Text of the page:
As many have noted, the President gives us a little window into his philosophical mind when he lets his guard down and speaks off-the-cuff. The statements that have come about when he has lapsed into his statist streams-of-consciousness, topped off, of course, by the now infamous “You didn’t build that” drivel, have transformed this coming election into something greater than many, myself included, expected as recently as a few months ago.
Earlier this year, I wrote:
Wouldn’t it be nice to have an election that pits two competing broad visions of America’s future – of a private sector-driven market economy vs. state-managed corporatism – against each other for the voters to evaluate?
As it turns out, my hopes did become reality. It just took a little while.
Now, the choice we face has become strikingly clear; on the one hand, we have a President who offers the most anti-business, anti-capitalist, and anti-success ideology and rhetoric than possibly any other in history and definitely in recent memory. On the other hand, we have a nominee who has experienced firsthand some of the greatest gifts free enterprise has to offer. Gov. Romney has achieved success beyond most of our wildest dreams with the help of the very things that make capitalism so powerful: entrepreneurship, innovation, and reward for risking one’s wealth (read: property) on successful business ventures.
This now widely viewed ad from Sen. Scott Brown beautifully articulates and depicts this night-and-day dichotomy:
Many right-of-center observers have commented that it doesn’t really matter who we elect this November – that policy wouldn’t meaningfully change with either candidate in office come January. Even if you accept this line of reasoning, which I don’t, I would argue that the stakes remain high enough to care about the campaign, because of one key facet of the presidency: the bully pulpit.
At the end of the day, even if a commander-in-chief encounters opposition from an uncooperative Congress or challenging external events, their voice carries more influence than any other single person in the world. Because of that, their words matter. It matters if a president demonizes success and casts business owners in a suspect or outright negative light. It matters if they doubt the efficacy of our capitalistic system. And it matters if they question America’s future place in the world.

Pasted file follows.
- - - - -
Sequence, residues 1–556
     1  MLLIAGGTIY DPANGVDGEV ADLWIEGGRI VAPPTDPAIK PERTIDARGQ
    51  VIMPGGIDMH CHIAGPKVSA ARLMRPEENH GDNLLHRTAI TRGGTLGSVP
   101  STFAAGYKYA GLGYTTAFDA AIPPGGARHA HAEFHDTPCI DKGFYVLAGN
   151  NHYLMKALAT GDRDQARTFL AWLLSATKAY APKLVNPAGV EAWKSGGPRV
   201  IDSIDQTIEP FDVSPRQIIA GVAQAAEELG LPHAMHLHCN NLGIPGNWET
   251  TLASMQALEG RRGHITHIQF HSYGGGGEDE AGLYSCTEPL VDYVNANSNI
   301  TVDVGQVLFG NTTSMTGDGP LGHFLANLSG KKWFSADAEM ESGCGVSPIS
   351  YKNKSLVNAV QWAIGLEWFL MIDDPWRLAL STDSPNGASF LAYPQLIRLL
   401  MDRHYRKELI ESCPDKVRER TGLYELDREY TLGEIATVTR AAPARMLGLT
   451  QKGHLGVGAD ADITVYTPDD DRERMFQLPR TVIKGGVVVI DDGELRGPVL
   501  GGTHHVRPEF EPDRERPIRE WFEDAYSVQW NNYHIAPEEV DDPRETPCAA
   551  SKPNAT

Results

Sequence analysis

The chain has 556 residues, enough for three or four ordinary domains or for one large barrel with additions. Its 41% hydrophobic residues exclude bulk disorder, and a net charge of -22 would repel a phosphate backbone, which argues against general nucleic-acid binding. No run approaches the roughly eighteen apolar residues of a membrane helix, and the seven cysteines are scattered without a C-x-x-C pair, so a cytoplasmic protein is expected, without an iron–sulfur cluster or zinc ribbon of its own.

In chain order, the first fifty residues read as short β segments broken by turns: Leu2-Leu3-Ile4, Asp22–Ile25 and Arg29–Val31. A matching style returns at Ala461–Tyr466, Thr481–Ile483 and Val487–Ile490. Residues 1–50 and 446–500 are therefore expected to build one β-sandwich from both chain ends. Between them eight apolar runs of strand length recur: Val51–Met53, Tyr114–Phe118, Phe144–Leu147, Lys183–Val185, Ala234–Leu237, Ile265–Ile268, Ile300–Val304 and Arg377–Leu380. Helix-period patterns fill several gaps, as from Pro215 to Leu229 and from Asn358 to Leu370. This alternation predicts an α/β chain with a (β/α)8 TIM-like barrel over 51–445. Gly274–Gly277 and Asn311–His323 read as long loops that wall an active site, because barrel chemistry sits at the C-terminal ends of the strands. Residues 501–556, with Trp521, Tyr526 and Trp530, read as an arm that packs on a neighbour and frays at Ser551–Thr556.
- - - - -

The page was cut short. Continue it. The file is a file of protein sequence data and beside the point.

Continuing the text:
In contrast, it would matter if a new president celebrated entrepreneurs, encouraged the innovation and creative destruction essential to a thriving economy, and articulated a firm belief that free enterprise offers the greatest potential of prosperity for all. It would matter if they inspired a generation of younger Americans to dream of new advancements in technology, better ways to serve customers, and more powerful means to expand the economic pie, instead of simply further dividing up the existing pie. And it would matter if they forthrightly declared that America will maintain and even expand upon its preeminent status in the world.
As our 40th President told us nearly 50 years ago, this is a time for choosing. And because of that, to borrow a rallying cry from President Obama’s own 2008 campaign, I’m back, fired up, and ready to go!
It has been widely recognized and conceded that this year’s election is going to be decided in the suburbs of the Battleground States, and perhaps within the most swinging suburbs of the most swinging States. Washington Post political columnist Chris Cillizza is out today with an analysis of the suburban “battle space.” Most notable is his delineation and description of mature suburbs as opposed to the more outer suburbs and or exurbs.
But the “suburbs” is a very broad description that takes in areas that have very little in common aside from some basic geographic proximity to a major metropolitan area. Alexandria, Virginia and Purcelville, Virginia — for example — have very little in common other than they are both in the proximity of the D.C. metro area.
Thanks to the data and graphics gurus at the Washington Post — Ted Mellnik we are looking at you — we now can refine what exactly we mean when we talk about the the swing suburbs.
It’s the “mature suburbs”, areas that are 75 percent to 95 percent urban, where the battle between President Obama and former Massachusetts governor Mitt Romney will really be waged. Need examples of mature suburbs? Loudoun County (Va.), Pima County (Ariz.), and Kane County (Ill.) all qualify.
In 2004, President George W. Bush bested Massachusetts Sen. John Kerry in the mature suburbs, which cast a total of 21.4 million votes, by nine points. Four years later, President Obama beat Arizona Sen. John McCain (Ariz.) in the mature suburbs 50 percent to 49 percent — winning two million votes more than Kerry in that key area.